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Carmen Essay

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CARMEN ESSAY - musical examples/more quotes/cut out heaps of writing!!

INTRO and Conclusion

The fascination with exoticism was more and more prevalent within romantic compositions as there was an increased yearning for far off lands within the composer's imagination. 'Composers of such works were not terribly interested in authenticity; their primary concern was to create a picturesque atmosphere that would appeal to audiences.'(Machlis p.190) Bizet romanticized gypsy culture in his opera and through the character, 'Carmen'. The libretto gives off ideas in relation to the emerging theme of 'naturalism', where much focus was given to the working class and their suffering. Carmen and the other gypsies don't have that middle class virtue. 'But they are seen against the exotic allure of Spain and Bizet's music invests them with a human dignity.' (Machlis192) In much of the art, music and literature of the 19th century the female gypsy, in particular was characterized and stereotyped as free-spirited, strong, deviant, demanding, sexually arousing, alluring and dismissive. This romantic construct of the Gypsy woman may be viewed as completely opposite to the proper, controlled and chaste, submissive woman held as the Victorian, European ideal. These descriptions are likened to the characters of Carmen in contrast to Micaela. 'Carmen' is all about women, especially women with exotic qualities who challenge the traditional morale. The women in 'Carmen' are seen not as passive but as active players in the social game. Carmen forever sings about freedom and love with no limits. 'The freedom to travel, the freedom to exist - Carmen fights for the right to live.'(Feminist endings) The oriental fascination with the forbidden and taboo world of the gypsy other in music is characterized by the spontaneous dance-like rhythms, melodies and orchestration. Carmen's most famous aria, 'Habanera' in which she tells of her conception of love, is a borrowed Cuban dance form, from Havana exhibiting Spanish flounces and likened to the 'Tango' dance style. The duple metre slow dance, lined with graceful dotted rhythms involves a lot of body movement and expression, characteristic of the gypsy. 'Seguidilla' also demonstrates the importance of dance to the gypsy culture, set in a typical Ñ* rhythm and sung to a poetic verse form. The combination of guitar-like accompaniment, pizzicato on the strings laced with ornaments and triplets, gives the piece character and cheek, as Carmen taunts Don Jose to fall for her charms. The accelerating gypsy dance opening Act 2 uses dissonances and sliding harmonies, creating that colour and richness typical of the exotic influence. In 'Chanson Boheme', the use of woodwinds and staccato strings adds tension to the whirling gypsy dance being created. The eventual increased tempo accelerates a folk-like feel and an excitement generated by the musical genius.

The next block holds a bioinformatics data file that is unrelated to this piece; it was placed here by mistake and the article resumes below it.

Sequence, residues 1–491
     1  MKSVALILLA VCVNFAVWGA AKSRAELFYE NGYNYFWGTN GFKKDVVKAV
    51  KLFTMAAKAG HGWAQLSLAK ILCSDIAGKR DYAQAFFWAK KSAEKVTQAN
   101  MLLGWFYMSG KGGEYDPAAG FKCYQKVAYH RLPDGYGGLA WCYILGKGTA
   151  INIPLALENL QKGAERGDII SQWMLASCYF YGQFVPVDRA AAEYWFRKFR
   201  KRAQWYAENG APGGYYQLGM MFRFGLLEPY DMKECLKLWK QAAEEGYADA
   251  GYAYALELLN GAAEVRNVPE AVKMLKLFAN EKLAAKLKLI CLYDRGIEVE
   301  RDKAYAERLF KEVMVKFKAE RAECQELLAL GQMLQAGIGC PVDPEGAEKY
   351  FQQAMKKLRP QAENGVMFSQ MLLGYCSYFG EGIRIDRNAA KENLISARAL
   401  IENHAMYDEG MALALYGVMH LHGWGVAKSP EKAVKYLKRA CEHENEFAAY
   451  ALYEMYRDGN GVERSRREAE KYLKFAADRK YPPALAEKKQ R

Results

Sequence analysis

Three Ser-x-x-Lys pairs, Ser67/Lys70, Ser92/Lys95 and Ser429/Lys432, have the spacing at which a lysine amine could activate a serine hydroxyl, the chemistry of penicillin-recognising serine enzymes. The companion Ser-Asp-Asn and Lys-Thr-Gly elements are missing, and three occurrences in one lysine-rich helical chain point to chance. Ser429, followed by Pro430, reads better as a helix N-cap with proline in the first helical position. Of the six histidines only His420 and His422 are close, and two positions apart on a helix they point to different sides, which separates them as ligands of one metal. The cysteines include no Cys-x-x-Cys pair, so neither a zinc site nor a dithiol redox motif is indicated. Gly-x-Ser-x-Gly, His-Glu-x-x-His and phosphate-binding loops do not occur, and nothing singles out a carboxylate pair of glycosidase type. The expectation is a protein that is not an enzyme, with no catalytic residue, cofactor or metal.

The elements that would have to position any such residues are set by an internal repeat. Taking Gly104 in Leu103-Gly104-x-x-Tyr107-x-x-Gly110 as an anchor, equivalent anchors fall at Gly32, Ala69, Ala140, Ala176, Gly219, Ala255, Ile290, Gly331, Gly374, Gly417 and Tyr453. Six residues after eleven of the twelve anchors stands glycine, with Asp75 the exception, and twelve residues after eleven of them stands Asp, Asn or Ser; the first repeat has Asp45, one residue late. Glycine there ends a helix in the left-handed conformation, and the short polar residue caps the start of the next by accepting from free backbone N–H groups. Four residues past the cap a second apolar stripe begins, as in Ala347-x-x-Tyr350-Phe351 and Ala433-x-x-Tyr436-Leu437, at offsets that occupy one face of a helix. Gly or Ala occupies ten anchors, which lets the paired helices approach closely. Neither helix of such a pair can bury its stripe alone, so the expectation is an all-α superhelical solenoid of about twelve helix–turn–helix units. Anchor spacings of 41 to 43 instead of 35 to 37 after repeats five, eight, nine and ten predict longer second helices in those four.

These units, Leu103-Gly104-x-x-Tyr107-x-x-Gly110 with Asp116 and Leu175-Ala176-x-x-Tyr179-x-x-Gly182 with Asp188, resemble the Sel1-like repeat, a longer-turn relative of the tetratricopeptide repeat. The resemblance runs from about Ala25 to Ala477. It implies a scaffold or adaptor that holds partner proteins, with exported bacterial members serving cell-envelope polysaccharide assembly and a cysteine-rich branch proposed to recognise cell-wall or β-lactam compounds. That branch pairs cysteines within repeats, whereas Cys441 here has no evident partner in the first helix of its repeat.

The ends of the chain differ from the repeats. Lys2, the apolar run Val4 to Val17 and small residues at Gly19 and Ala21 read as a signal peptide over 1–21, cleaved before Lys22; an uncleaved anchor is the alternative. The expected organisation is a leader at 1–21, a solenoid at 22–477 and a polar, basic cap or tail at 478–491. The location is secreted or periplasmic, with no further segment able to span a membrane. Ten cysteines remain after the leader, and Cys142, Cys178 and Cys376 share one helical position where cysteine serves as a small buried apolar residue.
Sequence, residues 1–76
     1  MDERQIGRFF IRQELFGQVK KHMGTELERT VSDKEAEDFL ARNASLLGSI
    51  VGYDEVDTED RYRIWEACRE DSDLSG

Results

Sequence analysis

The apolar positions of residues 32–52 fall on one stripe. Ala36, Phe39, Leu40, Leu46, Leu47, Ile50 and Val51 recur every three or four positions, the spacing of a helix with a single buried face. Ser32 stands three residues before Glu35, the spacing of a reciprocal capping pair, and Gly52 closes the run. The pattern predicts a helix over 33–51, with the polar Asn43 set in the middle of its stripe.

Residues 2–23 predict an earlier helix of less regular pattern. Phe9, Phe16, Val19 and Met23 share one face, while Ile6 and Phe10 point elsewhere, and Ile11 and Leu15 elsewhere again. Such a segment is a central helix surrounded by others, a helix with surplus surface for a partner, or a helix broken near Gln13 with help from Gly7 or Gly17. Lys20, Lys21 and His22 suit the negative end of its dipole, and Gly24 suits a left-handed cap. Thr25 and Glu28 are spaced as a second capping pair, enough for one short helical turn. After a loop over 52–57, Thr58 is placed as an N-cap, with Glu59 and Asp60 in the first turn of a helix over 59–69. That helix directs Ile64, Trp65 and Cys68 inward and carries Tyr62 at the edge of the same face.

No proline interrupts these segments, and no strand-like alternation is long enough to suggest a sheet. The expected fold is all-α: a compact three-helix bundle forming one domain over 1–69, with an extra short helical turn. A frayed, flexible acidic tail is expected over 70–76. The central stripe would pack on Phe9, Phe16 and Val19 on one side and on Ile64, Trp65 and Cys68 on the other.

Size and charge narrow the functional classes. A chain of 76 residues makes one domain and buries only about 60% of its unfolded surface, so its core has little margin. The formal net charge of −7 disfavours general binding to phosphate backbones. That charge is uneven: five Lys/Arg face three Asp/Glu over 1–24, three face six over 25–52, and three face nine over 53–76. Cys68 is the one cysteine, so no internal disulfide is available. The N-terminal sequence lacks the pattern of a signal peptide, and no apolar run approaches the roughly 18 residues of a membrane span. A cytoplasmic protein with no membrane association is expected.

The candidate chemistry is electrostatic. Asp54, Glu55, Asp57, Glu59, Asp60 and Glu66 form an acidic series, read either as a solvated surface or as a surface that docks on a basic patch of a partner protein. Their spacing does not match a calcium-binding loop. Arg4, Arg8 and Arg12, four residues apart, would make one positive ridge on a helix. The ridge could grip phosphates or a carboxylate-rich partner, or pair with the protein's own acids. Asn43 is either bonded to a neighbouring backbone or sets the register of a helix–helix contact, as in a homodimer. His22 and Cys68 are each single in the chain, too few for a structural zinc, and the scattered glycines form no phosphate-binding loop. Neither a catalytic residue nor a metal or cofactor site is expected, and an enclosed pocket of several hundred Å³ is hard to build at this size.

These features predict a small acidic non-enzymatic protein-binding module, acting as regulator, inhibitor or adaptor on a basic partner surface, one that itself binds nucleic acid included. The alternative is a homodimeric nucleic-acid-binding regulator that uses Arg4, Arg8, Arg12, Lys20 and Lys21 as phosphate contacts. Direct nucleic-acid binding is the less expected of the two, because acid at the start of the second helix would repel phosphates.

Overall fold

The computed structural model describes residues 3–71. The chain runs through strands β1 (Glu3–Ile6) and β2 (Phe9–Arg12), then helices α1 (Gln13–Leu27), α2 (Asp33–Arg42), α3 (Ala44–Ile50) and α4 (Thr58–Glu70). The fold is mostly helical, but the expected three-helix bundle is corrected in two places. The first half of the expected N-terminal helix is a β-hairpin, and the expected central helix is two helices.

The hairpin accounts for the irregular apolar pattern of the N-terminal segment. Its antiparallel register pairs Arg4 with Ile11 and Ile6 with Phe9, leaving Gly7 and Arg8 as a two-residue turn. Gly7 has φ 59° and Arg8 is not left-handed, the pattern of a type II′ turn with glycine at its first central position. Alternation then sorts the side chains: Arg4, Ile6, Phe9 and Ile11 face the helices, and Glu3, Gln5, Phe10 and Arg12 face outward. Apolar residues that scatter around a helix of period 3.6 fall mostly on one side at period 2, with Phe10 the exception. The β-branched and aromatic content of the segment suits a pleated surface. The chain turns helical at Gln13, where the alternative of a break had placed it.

Women were seen as being the object of affection and of desire. Gypsy women, especially Carmen, knew that her seduction was a tool used to gain freedom. Carmen recognized the power she had with men and exactly how she could use her sexual prowess to get what she wanted. Women in the 19th century were ideally conservative and conventional. Carmen rejects this notion and boldly exposes herself to the male gaze. Much like Thackeray's 19th century novel, 'Vanity Fair', Becky Sharp uses her sexual allure to promote herself in society and to gain that power and control she would otherwise never have. Both Carmen and Becky show how sexuality was used in the 19th century as to tool to reaching freedom and acceptance. Women assume more of a dramatic and musical role in 'Carmen'. The chorus and gypsy roles add to the feminine allure that permeates throughout the opera. (Chorus number) Clement discusses that Carmen is, 'the image, foreign and doomed of a woman who refuses masculine yokes and who must pay for it with her life'. (Clement) The allure is too great for Don Jose who kills her despite his obsession with her., refusing to submit to any man who attempts to control her life. Carmen is both, 'menacing and tame, a wolf and your domestic cat; in her black gypsy eyes, voluptuous and fierce...'

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